National Parks Service: “Don’t Push Your Slow Friend Down” If You’re Being Chased By A Bear
As people get into the summer travel season, many of us will make the decision to head out to check out some of the most beautiful places in the country. The best place to see the most beautiful sights are, of course, at some of the National Parks. You can see mountains, rivers, valleys, and of course, wild life.
The one thing everyone wants to see that they usually can't at home is bears, but seeing them the smart way is the safe way.
National Park Service issued a reminder on their Facebook page of some safe practices in sighting bears. One of them is one we've all thought and joked of, but they wanted to make clear that we should never push one of our friends on the heavier or slower running side down to distract the bear so we can get away.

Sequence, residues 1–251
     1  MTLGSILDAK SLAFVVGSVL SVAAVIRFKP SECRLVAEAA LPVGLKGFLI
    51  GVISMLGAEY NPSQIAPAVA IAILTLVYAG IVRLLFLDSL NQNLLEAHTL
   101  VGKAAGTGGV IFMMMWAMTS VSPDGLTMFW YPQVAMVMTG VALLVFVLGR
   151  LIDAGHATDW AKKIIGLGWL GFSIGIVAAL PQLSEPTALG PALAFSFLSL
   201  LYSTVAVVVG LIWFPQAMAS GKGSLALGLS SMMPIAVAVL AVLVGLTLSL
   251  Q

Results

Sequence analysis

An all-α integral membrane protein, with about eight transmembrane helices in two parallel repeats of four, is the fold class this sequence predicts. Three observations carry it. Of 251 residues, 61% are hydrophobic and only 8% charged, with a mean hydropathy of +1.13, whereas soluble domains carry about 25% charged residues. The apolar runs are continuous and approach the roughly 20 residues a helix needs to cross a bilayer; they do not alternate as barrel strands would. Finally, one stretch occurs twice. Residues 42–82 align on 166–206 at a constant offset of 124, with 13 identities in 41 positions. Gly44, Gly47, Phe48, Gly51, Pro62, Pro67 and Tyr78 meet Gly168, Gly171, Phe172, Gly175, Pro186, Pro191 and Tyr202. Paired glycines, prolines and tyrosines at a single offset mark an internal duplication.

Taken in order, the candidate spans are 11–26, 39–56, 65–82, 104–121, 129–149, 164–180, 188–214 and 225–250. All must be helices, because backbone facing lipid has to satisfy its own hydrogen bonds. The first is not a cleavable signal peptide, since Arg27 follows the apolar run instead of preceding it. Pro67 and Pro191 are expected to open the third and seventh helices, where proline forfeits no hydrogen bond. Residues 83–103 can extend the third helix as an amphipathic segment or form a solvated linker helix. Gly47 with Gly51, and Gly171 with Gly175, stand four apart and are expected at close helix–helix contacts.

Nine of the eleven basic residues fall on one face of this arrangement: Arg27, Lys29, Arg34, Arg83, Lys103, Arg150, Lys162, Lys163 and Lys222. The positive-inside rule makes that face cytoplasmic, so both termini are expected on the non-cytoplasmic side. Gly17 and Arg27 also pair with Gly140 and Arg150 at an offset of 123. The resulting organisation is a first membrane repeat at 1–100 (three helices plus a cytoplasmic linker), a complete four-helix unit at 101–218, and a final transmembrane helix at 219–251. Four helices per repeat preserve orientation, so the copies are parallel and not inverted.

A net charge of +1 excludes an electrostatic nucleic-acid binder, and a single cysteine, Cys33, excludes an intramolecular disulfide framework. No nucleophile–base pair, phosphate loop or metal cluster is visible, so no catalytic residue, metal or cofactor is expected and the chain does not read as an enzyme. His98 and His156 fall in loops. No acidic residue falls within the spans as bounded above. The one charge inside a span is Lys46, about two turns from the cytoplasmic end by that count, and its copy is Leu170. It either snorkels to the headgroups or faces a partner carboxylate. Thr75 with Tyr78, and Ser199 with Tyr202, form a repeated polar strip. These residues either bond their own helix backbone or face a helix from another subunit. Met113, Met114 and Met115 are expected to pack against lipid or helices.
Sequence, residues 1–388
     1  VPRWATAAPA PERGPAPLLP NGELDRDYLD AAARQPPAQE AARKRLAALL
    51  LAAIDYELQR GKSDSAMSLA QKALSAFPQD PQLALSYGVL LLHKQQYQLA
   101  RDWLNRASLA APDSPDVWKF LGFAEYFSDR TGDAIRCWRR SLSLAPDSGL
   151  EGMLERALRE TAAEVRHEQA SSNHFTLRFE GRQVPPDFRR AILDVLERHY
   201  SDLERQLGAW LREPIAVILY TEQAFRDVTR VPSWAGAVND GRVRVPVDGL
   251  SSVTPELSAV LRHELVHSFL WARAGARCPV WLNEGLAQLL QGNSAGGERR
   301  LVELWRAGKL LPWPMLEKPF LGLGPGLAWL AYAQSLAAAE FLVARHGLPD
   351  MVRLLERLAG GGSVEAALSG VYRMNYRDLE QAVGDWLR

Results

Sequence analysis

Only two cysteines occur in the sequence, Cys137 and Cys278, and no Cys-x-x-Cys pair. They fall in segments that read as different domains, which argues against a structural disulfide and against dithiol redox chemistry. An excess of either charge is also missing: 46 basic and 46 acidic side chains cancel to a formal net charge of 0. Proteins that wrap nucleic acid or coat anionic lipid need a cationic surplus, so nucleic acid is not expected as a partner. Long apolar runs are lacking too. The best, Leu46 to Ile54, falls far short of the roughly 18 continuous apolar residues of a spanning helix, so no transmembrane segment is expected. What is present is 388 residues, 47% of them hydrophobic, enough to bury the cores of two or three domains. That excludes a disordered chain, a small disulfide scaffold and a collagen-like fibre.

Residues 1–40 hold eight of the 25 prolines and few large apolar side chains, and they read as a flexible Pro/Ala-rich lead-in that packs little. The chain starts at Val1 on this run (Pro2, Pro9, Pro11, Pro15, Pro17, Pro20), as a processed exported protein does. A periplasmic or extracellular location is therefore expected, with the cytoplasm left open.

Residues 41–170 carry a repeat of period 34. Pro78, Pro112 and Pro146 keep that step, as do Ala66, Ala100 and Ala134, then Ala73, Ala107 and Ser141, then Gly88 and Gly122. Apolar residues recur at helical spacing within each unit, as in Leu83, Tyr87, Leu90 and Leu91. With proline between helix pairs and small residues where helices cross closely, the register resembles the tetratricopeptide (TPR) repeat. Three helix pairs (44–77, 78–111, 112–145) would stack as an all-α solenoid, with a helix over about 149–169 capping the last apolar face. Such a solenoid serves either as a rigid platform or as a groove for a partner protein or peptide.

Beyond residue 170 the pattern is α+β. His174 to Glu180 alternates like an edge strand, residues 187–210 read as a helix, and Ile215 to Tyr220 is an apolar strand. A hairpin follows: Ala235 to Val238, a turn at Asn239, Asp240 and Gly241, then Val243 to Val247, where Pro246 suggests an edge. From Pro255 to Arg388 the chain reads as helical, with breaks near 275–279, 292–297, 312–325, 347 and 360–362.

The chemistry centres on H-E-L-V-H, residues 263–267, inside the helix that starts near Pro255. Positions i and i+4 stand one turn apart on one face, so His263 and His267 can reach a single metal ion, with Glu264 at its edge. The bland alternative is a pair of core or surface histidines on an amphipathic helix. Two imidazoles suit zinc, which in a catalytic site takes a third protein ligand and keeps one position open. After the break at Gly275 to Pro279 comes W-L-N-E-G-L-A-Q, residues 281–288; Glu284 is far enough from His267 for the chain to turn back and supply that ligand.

Some other tips they gave include:
- Don't play dead. Bears can sense if you're overdoing it.
- Don't run, shout, or make any other sudden movements.
- Walk, don't run. Bears eat elk calves all the time.
- Slowly put distance between yourself and the bear.
- Get your bear spray ready and un-holstered.
- Don't climb a tree, because bears can climb trees.
If the bear you come across slaps the ground with its paws, sticks out its lips, or makes any other weird noises, that means it's not comfortable with you being around and you need to get away.
Stay safe out there this travel season, and don't get bit by a bear.